A Change in the Publishing Air

Some of you that know me know I own a small independent publishing company. Those of you that didn’t, now you do. By small I mean small, less than 10 published works, and all from a single author. Myself. That said, I’ve been seeing a change in the air lately. There is a big draw to become indie published, which is exactly why I started the company–so I could be indie, without being indie. I wanted a publisher’s name in the credits, but didn’t want the stress of finding a publisher.

I’ve started considering how I could use this changing paradigm to make profit. With the expansion of print-on-demand, and the increasing quality of such services, not to mention the expansion of eBooks as a competitive reading medium, and the inexpensiveness of eBook production, I really do see us on the precipice of a new age in publishing.

It’s for that reason I’ve started planning out a new publishing contract, one that is weighted in favor of the author, and not the publishing house. Costs can be cut by utilizing freelancers on a project-by-project basis, and maintaining a vastly online presence–all of which I have experience with, and can setup without much effort. As always, I’m looking for no-hassle, passive income, so I’d be hiring a single full-time assistant, an editor who would be able to sift through the submissions for the cream of the crop. We’d then submit those for editing to one of the stable freelance editors, sending back the results to the author.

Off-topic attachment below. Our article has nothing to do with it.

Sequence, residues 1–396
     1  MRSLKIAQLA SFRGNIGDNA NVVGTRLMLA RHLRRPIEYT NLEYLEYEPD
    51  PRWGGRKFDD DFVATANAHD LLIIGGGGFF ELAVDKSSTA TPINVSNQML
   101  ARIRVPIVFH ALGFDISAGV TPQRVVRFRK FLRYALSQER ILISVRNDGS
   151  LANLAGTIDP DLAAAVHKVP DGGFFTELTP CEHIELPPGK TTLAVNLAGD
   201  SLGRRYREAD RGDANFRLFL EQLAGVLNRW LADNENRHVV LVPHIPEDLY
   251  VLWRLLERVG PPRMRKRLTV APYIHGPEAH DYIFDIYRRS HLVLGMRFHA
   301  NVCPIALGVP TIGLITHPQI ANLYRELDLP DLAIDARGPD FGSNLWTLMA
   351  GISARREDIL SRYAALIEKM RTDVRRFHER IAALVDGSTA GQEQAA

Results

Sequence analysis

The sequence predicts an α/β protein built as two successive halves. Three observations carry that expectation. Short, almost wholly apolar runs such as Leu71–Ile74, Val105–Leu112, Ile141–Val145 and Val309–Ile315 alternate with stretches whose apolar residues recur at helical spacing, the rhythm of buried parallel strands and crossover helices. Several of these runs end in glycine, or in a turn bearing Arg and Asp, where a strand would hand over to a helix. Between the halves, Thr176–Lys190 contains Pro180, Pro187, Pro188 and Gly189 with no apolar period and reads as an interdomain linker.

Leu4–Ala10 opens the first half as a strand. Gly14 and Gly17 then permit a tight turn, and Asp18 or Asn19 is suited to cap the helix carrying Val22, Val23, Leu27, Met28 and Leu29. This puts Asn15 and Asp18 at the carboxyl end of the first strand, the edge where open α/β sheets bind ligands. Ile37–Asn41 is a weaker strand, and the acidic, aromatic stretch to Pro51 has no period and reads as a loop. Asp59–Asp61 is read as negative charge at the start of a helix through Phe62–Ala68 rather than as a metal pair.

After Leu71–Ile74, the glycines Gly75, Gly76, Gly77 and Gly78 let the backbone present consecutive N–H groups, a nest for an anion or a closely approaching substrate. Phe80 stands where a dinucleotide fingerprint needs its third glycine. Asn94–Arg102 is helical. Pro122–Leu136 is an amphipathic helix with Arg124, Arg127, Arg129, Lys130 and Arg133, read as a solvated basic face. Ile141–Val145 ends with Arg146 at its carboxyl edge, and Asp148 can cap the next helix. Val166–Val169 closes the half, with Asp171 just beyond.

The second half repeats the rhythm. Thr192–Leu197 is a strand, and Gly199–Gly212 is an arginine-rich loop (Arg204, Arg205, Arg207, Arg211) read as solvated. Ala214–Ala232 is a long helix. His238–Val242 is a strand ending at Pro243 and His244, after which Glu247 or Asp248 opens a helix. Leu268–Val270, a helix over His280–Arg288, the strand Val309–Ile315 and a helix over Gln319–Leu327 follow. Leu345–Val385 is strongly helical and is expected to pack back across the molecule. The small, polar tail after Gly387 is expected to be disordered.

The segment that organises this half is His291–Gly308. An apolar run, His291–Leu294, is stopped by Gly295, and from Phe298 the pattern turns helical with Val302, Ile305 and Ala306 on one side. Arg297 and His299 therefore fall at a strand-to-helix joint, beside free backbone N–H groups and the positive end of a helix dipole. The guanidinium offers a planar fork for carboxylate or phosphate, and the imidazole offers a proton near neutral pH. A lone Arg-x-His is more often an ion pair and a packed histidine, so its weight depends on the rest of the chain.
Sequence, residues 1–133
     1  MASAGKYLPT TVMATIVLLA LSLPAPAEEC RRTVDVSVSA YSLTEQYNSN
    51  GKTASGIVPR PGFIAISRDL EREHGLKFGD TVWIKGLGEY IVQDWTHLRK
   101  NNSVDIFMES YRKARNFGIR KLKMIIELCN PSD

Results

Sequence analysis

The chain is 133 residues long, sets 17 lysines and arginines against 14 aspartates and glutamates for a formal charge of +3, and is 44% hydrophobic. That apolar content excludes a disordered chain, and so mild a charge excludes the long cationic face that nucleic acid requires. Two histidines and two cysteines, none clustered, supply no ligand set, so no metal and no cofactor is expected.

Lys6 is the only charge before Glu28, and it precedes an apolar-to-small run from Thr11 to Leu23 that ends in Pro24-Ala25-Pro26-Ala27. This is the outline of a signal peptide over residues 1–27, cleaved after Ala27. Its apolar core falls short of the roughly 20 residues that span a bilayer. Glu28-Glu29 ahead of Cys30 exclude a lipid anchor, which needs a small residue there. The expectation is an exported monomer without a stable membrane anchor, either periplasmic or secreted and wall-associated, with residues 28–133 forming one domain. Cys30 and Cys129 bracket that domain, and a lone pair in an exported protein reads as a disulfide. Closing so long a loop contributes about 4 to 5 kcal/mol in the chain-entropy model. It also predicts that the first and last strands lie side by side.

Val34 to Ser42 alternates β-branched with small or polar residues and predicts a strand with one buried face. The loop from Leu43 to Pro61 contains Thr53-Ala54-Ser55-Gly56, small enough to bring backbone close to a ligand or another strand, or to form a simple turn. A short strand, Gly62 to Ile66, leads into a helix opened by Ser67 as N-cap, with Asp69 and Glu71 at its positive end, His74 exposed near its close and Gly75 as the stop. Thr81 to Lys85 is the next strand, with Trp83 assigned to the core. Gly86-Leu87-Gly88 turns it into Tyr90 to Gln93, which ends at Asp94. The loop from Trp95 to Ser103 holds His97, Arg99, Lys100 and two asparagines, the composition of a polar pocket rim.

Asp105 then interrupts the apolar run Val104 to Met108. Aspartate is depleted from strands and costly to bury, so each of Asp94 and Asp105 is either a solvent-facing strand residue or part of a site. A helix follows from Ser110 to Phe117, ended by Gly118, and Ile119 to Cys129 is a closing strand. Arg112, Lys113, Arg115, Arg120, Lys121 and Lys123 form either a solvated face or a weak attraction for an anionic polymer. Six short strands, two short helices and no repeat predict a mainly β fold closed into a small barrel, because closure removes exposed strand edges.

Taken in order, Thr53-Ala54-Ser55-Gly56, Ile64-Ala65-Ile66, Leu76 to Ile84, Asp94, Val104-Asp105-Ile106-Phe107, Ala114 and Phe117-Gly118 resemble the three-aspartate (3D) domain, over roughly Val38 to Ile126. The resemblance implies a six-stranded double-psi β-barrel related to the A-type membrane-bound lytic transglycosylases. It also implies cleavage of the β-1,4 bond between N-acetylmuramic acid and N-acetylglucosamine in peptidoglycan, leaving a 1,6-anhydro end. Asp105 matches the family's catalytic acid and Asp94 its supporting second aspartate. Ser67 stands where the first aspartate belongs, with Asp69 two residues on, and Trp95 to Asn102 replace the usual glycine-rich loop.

I’m aiming for the middle ground between Vanity Publisher and Traditional Publisher. I won’t take anything and everything, but I don’t want to have to invest so much work that the financial side of it requires a bigger cut. I’d also be looking for a very non-traditional, free flowing contract. Contracts would focus on works as works, not works as a means of enslaving the author. Authors need to be free. They cannot thrive in a relationship that requires they be leashed to you.

I’m considering this: A high royalty (50%) on earnings until the expenses are paid off, or until 1 year of publication has elapsed (meaning if the book takes 6 months to edit, and is released on June 1st of 2014, June 1st of 2015 the royalty would switch), whichever happens sooner. During that first year all editing, typesetting, and marketing costs would be covered by us, with the author and / or their representative having an equal seat at the discussion table for all of it. Once everything is agreed upon, the publishing will happen. Once the expenses are covered, or a year has elapsed (again, whichever happens sooner), the royalty would then convert to 15%. Again, this is the publisher side. That means that we (the publisher) would sell the book, and if it made $1.00, we would pocket $0.15, the rest going to the author.

Obviously, due to the cost paradigm, the marketing efforts for that work would dry up after the first year. The author would need to cover a larger portion of advertising themselves, etc. And we would not be able to cover major events, such as book signings, but these are all things the author would have the time to focus on.

The important thing is getting a professional book to market, without the hassle of funding it yourself, and if you want someone else to handle all of the decisions and just get to the writing, we could make that happen to.

What do you think of this type of publisher plan? Could it work? Would you use it? Am I crazy for even considering it? Let me know in the comments!


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